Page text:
In implementing the clean air regulatory agenda, the government will work with provincial and territorial governments, industry, environmental health groups, scientists, municipalities and communities, and individual Canadians. These partnerships will ensure that all segments of Canadian society have the opportunity to reduce their emissions and achieve a cleaner, healthier Canada for current and future generations—other examples of this government setting the example and getting it done.
    As a side note, we have now hydrogen-powered buses on the Hill. The typical bus that we see running around on Parliament Hill is a green bus, and there are some white buses for the Senate. But we also now have hydrogen-powered buses. They're burning hydrogen, and the only thing coming out of the exhaust pipe is water. It's very exciting, another example of Canadian technology.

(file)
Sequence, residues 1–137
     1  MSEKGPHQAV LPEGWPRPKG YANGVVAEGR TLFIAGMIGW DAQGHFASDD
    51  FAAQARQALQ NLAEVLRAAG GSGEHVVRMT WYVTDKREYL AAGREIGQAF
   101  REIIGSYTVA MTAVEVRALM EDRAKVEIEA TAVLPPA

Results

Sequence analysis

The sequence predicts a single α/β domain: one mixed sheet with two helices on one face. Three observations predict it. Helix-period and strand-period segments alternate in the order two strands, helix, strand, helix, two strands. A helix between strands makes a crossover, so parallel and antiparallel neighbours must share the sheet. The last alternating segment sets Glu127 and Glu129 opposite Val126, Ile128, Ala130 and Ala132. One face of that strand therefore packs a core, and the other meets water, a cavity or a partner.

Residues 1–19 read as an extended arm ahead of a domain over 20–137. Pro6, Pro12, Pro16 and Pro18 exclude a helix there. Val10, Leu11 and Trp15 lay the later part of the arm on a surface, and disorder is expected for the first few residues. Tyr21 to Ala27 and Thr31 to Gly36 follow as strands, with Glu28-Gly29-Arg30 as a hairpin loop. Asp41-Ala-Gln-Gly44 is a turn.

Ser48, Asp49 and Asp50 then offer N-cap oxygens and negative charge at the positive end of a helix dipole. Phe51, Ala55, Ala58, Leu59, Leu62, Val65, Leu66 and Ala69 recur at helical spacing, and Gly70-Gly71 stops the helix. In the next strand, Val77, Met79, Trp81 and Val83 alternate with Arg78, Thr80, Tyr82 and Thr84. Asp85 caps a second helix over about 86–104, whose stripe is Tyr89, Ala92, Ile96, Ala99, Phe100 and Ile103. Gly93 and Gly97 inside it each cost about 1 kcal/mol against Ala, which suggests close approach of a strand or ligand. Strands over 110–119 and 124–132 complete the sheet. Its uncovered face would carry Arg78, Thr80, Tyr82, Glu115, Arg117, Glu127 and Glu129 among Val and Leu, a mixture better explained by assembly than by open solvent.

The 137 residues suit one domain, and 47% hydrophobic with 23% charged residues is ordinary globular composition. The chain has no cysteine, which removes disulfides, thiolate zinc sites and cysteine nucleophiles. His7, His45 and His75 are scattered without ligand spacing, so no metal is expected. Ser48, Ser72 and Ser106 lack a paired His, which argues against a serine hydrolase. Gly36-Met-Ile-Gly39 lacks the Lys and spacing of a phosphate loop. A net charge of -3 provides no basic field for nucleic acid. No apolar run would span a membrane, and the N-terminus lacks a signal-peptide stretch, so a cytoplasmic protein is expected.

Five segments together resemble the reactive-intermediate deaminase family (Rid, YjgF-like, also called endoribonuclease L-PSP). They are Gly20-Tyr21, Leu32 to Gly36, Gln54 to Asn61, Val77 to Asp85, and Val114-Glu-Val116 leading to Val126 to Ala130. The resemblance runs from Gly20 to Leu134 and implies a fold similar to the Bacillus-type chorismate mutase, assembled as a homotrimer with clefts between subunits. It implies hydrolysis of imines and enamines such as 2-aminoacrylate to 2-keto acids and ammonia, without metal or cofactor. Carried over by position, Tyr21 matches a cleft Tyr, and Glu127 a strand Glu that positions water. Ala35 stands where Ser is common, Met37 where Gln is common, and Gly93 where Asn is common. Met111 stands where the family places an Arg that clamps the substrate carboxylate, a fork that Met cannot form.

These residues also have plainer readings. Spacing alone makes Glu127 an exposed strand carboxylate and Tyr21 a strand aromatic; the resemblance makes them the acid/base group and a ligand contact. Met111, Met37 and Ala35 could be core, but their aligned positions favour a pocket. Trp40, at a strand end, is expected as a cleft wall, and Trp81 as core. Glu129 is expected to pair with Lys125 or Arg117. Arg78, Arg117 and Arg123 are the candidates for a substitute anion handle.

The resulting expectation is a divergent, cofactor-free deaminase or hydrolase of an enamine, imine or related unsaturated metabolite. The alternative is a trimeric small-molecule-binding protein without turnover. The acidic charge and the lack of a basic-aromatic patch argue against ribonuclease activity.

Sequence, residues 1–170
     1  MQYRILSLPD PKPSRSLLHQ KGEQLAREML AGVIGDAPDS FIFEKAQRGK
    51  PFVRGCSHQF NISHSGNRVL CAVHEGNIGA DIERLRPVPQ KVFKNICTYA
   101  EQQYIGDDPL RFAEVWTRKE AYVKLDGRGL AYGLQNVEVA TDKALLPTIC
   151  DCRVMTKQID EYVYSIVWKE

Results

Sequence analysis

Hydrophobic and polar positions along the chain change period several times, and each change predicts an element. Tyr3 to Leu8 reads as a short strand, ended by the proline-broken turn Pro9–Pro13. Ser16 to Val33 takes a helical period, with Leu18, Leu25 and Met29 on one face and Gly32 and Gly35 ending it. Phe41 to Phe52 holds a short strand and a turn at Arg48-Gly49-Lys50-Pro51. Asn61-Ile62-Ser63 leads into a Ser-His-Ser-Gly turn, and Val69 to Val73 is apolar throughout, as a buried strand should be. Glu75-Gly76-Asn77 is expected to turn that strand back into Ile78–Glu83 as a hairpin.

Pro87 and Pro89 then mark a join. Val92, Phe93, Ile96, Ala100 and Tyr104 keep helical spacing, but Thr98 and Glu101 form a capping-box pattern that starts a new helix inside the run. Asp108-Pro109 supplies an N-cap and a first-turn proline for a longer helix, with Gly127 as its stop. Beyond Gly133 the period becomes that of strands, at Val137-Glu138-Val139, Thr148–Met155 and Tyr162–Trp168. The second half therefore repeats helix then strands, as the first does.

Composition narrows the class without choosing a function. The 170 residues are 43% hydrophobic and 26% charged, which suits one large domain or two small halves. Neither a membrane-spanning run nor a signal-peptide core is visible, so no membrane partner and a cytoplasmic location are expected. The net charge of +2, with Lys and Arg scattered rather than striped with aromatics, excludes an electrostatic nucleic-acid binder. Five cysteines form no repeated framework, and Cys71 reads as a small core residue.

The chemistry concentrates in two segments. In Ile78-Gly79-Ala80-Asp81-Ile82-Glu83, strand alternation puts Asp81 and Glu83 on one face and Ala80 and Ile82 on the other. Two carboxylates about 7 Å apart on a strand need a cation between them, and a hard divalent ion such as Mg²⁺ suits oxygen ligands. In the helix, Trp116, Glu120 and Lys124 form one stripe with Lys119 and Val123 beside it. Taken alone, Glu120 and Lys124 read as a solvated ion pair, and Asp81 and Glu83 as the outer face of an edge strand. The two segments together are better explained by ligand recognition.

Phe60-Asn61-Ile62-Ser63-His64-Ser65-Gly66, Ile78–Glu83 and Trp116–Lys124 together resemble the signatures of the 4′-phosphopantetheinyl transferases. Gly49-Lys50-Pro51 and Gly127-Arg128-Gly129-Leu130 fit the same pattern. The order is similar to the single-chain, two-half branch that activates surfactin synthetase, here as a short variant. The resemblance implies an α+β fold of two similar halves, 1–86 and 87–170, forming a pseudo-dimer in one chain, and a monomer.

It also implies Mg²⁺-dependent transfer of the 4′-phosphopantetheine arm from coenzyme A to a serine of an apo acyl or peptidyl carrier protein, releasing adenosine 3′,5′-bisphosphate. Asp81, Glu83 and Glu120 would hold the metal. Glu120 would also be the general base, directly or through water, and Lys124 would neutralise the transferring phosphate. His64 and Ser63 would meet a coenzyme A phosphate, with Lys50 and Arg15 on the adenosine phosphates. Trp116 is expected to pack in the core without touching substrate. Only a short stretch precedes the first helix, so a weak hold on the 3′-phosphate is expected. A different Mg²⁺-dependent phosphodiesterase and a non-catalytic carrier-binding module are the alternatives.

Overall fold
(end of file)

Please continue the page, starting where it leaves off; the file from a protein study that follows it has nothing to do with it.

The government is also taking other action. In the last Speech from the Throne, the government committed to take measures to achieve—


    I'm sorry.
    Mr. Bigras, on a point of order.


    Mr. Chairman, for the committee's benefit, can you tell me which document the parliamentary secretary is alluding to?


    Mr. Warawa, could you inform us of the document you're reading, please?
     This is called the Regulatory Framework for Air Emissions. This is the Turning the Corner plan.
    I think it's important for members of the committee who are supporting Bill C-377 to remember what witnesses have told us, namely, that the bill is missing substance, has jurisdictional issues, and is poorly written. The opposition has tried to rewrite it, but it's a flawed bill. Canada now has a Turning the Corner plan. And this plan will achieve what the committee wants, which is absolute reductions in greenhouse gas emissions.
    If the committee supports Bill C-377, they obviously are not aware of the good plan that Canada now has. And that's why I was providing some of the highlights of it for the committee.